Chalk is a mainstay in the art world, but it also has other useful purposes. Athletes such as weight lifters, gymnasts, and rock climbers chalk their hands to reduce perspiration that could cause them to lose their grip. In fact, anyone whose performance relies on a steady grip uses chalk, rosin, or both. New kinds of gym chalk are available in addition to traditional blocks of magnesium carbonate.
Chalk for Power Sports
Chalk helps weightlifters maintain their grip as they work with heavy bars. For unknurled bars, weightlifting chalk is an important aid in workouts. Many gyms allow or even supply chalk, although some consider it too messy. Athletes who work out at those gyms often keep blocks or balls of chalk in their bags instead of using loose weightlifting powder. Athletes competing in power field events, such as shot put, discus throw, and javelin throw, also use chalk for gripping.
Gymnasts also use chalk for grip. Chalk on the hands is obvious, but those competing on high bars or uneven parallel bars also sometimes chalk their legs. Gymnastics chalk usually comes in a large tub so athletes can easily chalk with loose dust.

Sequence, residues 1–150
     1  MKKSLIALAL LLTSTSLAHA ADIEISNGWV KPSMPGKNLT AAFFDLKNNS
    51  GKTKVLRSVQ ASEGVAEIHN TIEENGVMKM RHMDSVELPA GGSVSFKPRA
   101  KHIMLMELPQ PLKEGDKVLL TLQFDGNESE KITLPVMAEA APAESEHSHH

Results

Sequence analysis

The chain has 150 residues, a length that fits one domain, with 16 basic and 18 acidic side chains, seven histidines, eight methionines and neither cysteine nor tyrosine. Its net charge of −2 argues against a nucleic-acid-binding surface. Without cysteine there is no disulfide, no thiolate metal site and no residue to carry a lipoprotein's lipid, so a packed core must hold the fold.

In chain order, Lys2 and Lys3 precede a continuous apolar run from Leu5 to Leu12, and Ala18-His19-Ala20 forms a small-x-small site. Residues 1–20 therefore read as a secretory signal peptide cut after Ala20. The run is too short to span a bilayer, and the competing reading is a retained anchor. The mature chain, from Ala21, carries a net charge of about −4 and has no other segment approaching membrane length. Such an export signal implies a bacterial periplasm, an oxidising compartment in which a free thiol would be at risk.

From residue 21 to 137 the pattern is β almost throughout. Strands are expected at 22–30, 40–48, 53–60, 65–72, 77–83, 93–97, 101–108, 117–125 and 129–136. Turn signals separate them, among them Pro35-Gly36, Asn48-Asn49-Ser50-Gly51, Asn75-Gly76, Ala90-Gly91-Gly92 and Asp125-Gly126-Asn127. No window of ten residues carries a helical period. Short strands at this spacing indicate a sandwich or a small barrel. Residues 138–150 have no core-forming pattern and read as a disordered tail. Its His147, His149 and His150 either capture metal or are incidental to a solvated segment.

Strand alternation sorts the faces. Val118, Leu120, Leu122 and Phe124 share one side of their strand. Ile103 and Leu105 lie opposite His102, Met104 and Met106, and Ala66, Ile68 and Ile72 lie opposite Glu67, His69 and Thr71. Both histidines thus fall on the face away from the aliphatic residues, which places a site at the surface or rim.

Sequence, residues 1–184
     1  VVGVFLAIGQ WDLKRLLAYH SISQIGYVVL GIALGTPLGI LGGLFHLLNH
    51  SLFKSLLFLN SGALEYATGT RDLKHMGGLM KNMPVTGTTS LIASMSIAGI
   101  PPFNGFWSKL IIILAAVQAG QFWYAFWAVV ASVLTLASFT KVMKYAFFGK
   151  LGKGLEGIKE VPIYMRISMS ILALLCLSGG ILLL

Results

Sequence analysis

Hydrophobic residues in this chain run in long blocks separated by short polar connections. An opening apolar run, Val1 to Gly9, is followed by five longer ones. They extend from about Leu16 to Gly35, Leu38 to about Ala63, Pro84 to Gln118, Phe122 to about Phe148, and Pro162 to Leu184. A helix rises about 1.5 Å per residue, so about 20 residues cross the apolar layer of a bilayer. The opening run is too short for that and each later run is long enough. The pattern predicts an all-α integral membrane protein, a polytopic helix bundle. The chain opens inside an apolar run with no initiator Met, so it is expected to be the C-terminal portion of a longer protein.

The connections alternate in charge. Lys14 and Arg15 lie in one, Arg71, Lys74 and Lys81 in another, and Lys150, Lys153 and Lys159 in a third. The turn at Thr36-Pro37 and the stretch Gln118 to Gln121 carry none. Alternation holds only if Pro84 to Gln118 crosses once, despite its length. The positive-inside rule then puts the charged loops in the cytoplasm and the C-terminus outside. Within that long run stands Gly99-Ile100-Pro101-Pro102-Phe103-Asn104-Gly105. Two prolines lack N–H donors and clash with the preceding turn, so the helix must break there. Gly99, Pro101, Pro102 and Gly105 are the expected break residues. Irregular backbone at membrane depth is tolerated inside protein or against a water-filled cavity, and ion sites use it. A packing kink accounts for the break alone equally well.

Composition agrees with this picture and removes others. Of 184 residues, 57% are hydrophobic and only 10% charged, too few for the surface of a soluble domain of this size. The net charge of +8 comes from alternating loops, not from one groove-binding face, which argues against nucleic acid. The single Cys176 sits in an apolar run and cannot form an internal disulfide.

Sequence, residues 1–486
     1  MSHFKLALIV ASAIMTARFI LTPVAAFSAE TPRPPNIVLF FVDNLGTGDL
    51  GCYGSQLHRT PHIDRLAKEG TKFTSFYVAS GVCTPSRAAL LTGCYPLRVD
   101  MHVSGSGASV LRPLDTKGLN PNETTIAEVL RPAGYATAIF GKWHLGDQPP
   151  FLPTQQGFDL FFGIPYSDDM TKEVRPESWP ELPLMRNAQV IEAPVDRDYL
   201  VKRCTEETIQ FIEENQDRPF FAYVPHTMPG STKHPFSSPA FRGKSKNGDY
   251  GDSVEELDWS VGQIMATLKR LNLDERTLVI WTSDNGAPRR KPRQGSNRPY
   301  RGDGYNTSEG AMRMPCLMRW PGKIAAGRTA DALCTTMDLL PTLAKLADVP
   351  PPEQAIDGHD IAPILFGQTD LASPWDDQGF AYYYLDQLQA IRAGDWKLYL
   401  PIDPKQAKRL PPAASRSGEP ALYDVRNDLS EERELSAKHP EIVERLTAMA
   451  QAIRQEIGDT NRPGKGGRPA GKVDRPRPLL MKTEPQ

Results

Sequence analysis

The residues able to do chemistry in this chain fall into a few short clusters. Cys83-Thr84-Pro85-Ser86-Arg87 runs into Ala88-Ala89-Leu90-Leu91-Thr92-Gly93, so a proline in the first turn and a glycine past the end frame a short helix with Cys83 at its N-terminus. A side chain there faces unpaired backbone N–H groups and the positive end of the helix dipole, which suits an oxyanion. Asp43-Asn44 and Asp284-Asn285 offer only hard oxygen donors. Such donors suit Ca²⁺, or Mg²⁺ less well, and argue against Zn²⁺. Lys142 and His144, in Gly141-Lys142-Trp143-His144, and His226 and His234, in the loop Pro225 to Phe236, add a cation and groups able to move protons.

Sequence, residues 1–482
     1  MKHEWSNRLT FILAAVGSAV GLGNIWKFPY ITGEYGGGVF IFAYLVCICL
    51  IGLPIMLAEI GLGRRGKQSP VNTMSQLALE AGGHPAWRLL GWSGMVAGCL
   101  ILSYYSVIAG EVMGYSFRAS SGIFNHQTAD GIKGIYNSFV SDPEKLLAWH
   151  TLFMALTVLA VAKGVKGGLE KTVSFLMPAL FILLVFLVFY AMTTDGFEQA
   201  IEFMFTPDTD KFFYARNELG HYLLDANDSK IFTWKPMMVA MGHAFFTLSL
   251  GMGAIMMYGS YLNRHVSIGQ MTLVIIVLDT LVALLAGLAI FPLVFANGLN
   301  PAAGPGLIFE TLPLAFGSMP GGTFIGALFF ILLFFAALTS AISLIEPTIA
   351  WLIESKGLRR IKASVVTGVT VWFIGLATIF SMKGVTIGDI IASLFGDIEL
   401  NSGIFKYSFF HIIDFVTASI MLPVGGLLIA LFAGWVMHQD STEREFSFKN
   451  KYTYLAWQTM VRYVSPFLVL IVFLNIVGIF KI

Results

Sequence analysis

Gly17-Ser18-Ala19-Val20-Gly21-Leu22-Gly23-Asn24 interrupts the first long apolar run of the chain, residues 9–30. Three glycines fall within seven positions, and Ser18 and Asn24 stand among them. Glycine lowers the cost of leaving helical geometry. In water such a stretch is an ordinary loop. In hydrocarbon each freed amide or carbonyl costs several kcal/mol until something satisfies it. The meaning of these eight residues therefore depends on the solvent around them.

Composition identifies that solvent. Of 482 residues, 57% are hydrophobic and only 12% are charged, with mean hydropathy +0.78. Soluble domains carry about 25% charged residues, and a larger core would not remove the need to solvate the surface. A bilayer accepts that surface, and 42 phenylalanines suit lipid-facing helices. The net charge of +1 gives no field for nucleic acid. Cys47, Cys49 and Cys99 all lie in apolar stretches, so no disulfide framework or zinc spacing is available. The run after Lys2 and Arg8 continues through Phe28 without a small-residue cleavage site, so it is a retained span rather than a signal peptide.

Upgraded Gym Chalk
Some chalks add several benefits to the traditional blocks of magnesium carbonate. For example, some include antibacterial components to help athletes stay clean and safe as they work out. Other chalks include essential oils that prevent the chalk from drying the hands as much as traditional chalk. These chalks still dry perspiration, but they are less damaging to the layers of the skin.
Liquid chalk is not common with the heavy lifting crowd, but the Rugby Football Union in the UK and the National Collegiate Athletic Association, National Federation of State High School Associations, Professional Golf Association, and American Softball Association in the U.S. have approved its use. Liquid chalks serve as substitutes for both chalk and rosin. Women sometimes prefer it because it comes in easy-to-carry bottles like hand sanitiser. It is very popular in the pole dancing exercise community and on tennis courts and golf courses.
Chalk vs. Rosin
European rock climbers once used rosin to assure their grip. As climbing has become more popular, the use of rosin has declined because of the noticeable residue on mountainsides. Climbers now prefer chalk powder, which is easy to carry in chalk bags for use during climbs.